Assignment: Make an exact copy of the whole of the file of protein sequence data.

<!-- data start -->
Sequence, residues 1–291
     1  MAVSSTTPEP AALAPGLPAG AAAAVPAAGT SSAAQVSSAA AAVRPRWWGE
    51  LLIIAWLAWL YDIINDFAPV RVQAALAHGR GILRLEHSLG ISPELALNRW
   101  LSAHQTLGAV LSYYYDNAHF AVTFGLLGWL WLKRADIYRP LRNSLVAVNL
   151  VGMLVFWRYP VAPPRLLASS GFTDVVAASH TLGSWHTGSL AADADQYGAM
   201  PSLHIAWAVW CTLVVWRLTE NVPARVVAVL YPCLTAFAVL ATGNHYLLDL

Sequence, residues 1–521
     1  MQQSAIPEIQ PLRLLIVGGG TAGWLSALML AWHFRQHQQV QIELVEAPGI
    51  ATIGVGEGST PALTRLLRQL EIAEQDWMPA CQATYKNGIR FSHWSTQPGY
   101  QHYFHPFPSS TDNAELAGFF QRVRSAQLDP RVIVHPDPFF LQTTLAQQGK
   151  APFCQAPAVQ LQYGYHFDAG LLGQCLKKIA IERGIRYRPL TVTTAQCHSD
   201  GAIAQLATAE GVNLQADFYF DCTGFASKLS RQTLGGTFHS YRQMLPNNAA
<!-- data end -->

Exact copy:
Sequence, residues 1–291
     1  MAVSSTTPEP AALAPGLPAG AAAAVPAAGT SSAAQVSSAA AAVRPRWWGE
    51  LLIIAWLAWL YDIINDFAPV RVQAALAHGR GILRLEHSLG ISPELALNRW
   101  LSAHQTLGAV LSYYYDNAHF AVTFGLLGWL WLKRADIYRP LRNSLVAVNL
   151  VGMLVFWRYP VAPPRLLASS GFTDVVAASH TLGSWHTGSL AADADQYGAM
   201  PSLHIAWAVW CTLVVWRLTE NVPARVVAVL YPCLTAFAVL ATGNHYLLDL

Sequence, residues 1–521
     1  MQQSAIPEIQ PLRLLIVGGG TAGWLSALML AWHFRQHQQV QIELVEAPGI
    51  ATIGVGEGST PALTRLLRQL EIAEQDWMPA CQATYKNGIR FSHWSTQPGY
   101  QHYFHPFPSS TDNAELAGFF QRVRSAQLDP RVIVHPDPFF LQTTLAQQGK
   151  APFCQAPAVQ LQYGYHFDAG LLGQCLKKIA IERGIRYRPL TVTTAQCHSD
   201  GAIAQLATAE GVNLQADFYF DCTGFASKLS RQTLGGTFHS YRQMLPNNAA